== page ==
MEMORY BOOST: Gerald Schaaf has the response to Alzheimer’s in his hand.Alan Lander DO YOU wish to live longer? Or at least stave off Alzheimer’s Disease?Bridge gamers are much less most likely to
go down with the feared dementia disease, inning accordance with veteran Noosa Bridge Club player Gerald Schaaf.
“Research has actually been done through Bridge for Brains,”Mr Schaaf said.It’s not unexpected, given the need for a sharp memory in exactly what is the supreme card video game; as all cards are utilized and played, there are no jokers or “wild” cards, and unlike in gambling establishments, counting the key cards is an absolute necessity.
“You have to see the game through the long term,” Mr Schaaf said of the game’s intellectual health advantages.
“A good friend of mine was still playing a fantastic video game on her hundredth birthday; while she died age 107, she was still playing well at 106,” the 42-year long gamer said.Last Sunday, the strength was strong as members toughed out a competitive round of the Grand National Open Teams event.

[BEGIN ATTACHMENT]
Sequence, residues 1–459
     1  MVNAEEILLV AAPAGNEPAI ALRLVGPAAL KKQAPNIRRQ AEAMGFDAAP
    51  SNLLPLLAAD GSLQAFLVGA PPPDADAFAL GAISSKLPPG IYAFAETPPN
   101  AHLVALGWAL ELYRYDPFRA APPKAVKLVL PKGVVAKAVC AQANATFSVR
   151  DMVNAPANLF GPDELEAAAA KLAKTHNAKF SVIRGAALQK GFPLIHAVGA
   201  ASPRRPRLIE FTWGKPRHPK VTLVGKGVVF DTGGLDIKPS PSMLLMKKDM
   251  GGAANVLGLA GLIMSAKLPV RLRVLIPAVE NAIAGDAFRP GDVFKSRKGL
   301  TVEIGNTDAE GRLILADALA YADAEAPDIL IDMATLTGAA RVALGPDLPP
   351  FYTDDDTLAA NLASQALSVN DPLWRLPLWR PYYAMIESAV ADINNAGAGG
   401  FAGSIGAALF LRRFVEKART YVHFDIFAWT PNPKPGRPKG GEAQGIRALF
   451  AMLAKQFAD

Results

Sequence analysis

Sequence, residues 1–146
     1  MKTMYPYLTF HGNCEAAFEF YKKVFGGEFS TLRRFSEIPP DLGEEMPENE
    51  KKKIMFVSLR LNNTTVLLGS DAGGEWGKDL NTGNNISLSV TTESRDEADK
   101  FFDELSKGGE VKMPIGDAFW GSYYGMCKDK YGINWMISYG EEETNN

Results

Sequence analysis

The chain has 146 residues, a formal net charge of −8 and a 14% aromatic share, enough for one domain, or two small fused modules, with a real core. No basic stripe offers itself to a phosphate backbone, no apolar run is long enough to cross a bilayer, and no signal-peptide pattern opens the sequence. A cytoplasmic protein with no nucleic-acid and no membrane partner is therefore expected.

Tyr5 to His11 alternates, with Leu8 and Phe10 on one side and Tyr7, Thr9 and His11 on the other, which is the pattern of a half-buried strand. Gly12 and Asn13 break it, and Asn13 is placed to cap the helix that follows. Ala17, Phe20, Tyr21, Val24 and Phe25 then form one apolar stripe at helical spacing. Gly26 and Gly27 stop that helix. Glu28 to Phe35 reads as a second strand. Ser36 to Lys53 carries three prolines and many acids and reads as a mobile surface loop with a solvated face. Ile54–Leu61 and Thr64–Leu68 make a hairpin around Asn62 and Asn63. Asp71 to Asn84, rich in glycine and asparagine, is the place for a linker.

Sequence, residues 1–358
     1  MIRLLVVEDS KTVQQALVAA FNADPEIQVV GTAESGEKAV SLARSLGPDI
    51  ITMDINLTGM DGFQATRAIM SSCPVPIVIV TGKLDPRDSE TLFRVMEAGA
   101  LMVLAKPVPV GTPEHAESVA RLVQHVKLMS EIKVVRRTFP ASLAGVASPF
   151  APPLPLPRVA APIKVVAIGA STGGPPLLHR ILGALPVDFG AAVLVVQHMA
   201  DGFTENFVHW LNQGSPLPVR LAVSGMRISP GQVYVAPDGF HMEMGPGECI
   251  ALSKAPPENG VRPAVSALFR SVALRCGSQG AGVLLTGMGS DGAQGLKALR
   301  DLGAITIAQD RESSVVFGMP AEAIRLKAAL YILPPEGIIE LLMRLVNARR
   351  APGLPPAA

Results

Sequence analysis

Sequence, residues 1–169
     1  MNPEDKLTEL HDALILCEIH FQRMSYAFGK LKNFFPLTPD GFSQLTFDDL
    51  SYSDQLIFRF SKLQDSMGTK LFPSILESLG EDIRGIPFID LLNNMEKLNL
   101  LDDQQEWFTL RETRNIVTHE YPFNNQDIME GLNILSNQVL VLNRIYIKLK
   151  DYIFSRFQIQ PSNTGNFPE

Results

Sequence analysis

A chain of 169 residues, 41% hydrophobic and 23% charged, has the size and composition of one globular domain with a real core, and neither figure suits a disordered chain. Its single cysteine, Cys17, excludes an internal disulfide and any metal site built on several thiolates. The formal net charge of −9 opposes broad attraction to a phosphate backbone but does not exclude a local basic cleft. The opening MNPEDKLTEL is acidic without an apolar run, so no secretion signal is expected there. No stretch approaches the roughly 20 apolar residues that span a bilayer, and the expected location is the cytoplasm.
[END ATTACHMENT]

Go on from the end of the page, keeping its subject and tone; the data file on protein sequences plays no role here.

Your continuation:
“Noosa Bridge Club has 385 members,” Mr Schaaf whispered. Well, all bridge video games are played in extremely quiet, focused style.
“It’s the largest, with the Sunlight Coast club at Buderim the 2nd, while there are affiliate clubs in Caloundra, Coolum and Gympie.There’s also a
prize award between the clubs, began 4 years earlier.
“Coolum has it this year; we had it last.”
He admitted the video game’s average member was aged around 70 however motivated younger people to take it up – in the interests of good long-lasting health.And a hand
or 2 of 500 becomes a cake-walk after discovering the game of kings.If you’re
not keen on competition-level playing, social bridge takes location every second Sunday.Noosa Bridge Club is based in Wallace Dr in the Wallace Park precinct Noosaville, on 5447 1341.
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